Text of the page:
• yea I'll just rank this down. missed the point.
  • If you unlocked your phone you could have a Wi-fi toggle shortcut, and customize quite a lot on the device. You have that option, developer unlocking is fairly easy. Sure it's not customizable right out of the box, but if you really want it then there are ways to do it, much like how getting a WP7 UI for Android is not just a click away.
  • It is actually a few clicks away... 
  • says the android fanboy, there's only a certain amount of customization permitted before instability comes into play and that's what android and WM suffers from. MS learned from that and will not go down that path again.
  • Very well said Dave but let's look at it this way. The average user is not concerned with customization to the level of the more tech minded people. They are concerned with getting their data as easily, quickly and efficiently as possible. They also want a dependable device which has very little uptime and technical glitches. They also want a safe virus free enviornment also. So based on the criteria of your article, the thorn in MS's side is lack of customization. I think the thorn in Android's side is optimization.1) Customizationvs.2) Optimization and overall performance.Whichever of the two choices are most important to you will determine which platform you choose or lean towards.
  • I absolutely agree that for the average users customization and flexibility aren't as important. I've said this a few times lately.....the big problem Microsoft is having with Windows Phone is its lack of mindshare. Mindshare starts with the the bloggers, and more technically minded reviewers. Lack of flexibility is a big thing to them so they talk the platform down. Hence, the average user doesn't see any kind of hype behind WP and move on. That is what they are advised to do by the more "knowledgeable" bloggers, reviewers, and sales people. This is why I think the tight control over this platform is backfiring on Microsoft.
  • ** Meant to say downtime vs instead of uptime.
  • LOL....I knew what you meant. :)
  • Isn't the Metro UI design protected by copyright?I don't want Android and IOS developers starting copying WP7.Could MS protect their ideas better?
  • I don't think the developer and the combination of various pieces put together to mimic WP7 is looking to monetize this. I am far from being a lawyer, but it would be a tough case to argue. Like when Apple tried to sue MS for stealing the "look and feel" of the MacOS in Windows. It's a slippery standard.
  • Microsoft was just issued a a design patent for the UI last week if I remember correctly.
  • I have no problem with this. This kind of setup helps to give the typically bland Android UI something new. It's an opportunity for someone to get a little taste, or a demo. If they like what they see, maybe they move on to WP7 to get the full experience. Maybe they're locked in a contract and can't move on to a new phone yet. Maybe there was no WP7 phone available when they signed a contract *cough*Verizon*cough*. This kinda thing lets someone build interest in the platform on comparable hardware. I've used the Launcher7 app and it's very well designed. If anything, it only built up my interest in WP7.He could have picked a better keyboard, though. A.I. Type Keyboard has a WP7 skin that's a little more accurate.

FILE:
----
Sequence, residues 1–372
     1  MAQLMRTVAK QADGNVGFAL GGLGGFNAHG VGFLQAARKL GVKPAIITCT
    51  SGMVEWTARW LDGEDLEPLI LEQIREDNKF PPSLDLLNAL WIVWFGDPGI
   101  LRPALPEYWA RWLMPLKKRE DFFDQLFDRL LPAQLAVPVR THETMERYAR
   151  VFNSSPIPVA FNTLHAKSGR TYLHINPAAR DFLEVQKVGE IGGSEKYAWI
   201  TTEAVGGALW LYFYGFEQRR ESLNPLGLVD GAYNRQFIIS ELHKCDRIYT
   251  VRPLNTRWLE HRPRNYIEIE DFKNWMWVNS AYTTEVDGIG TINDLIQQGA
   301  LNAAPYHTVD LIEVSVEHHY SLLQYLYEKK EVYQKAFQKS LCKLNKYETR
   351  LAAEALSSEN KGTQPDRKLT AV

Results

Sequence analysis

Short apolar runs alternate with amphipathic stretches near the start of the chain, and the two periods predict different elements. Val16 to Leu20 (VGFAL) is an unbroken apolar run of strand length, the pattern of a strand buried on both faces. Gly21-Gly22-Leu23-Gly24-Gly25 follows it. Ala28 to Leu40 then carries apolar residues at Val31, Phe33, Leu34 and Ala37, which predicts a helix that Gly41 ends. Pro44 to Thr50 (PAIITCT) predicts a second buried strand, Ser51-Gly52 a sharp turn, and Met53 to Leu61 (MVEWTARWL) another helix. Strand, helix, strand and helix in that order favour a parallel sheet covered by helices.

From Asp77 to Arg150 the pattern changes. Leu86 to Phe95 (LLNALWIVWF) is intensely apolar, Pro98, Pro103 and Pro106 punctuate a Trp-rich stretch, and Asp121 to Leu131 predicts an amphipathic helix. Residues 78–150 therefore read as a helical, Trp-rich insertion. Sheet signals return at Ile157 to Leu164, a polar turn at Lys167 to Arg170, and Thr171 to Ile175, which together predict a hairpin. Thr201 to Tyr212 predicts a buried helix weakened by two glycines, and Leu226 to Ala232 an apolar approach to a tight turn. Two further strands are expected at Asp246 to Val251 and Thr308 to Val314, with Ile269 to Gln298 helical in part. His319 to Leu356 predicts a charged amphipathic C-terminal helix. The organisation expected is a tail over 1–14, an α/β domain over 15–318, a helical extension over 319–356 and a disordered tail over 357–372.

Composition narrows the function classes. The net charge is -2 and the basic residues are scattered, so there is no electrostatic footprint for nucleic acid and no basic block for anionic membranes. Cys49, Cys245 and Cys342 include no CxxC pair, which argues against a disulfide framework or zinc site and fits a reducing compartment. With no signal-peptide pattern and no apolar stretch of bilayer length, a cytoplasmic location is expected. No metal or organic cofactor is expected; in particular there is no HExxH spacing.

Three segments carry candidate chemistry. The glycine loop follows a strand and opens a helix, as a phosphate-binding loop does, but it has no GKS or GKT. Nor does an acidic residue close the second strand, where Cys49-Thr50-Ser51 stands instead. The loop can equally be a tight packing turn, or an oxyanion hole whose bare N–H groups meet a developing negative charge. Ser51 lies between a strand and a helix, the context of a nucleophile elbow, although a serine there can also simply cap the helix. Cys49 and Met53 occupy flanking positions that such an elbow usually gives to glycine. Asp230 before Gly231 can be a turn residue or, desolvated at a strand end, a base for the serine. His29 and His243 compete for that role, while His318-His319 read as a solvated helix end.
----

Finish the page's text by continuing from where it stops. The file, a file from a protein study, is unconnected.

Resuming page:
• Someone put a lot of work into that! Looks great, although reminded me of how much I do not miss skinning and altering OS's haha. Looked tedious.. Regardless a good work of skinning an OS!
  • apparently u don't know anything about graphic design...this app for android is far away from being METRO... also it is so un-tasty!and u run WP Central? lolthose saying this app can attract users to use WP7... that's not true, users testing this app wll say 'oh this is WP7? it sucks' .... I think this app is built by google itself to tell their users 'if u run away fron android, this is what u'll get', that's why they built this horrible UI that isn't even the shadow of a real metro ui!
  • As much as people "hate" wp7 the developers are apparently spending countless hours putting together a wp7 rom to run on android. Not only that, it WILL be downloaded, maybe not by many but it will still be downloaded. Either way it goes I think wp7 is winning a fight that it doesnt even know its a part of.
  • Initially it kind of irritated me a bit that it's being knocked off onto Android. Especially after the recent news that Microsoft has been granted the patent on the Metro UI. But after a day or so, thinking back. It's actually free marketing for Microsoft. As someone also said above, they'll never be able to have the full integration and UI experience of WP7. So eventually someone is just going to buy the phone and get off of Android. Bottom line is, people who wants android and loves google will almost never switch. But there are plenty of downsides to android, especially the stability of the hardware and software. From being iPhone to Android to Mango, I am extremely satisfied and happy with my Samsung Focus. Now I just need to wait for the new hardware and dump AT&T to head to Verizon. :)
  • still has the trademark stuttering animation of the Android platform. Until Android gets decent hardware acceleration, the animations will remain poor. The guy did his best to make it look smooth but it's limited by Android. Android has a lot going for it, but user interface animations is not it. Compare Android to WP7 and iOS and the Android looks sad.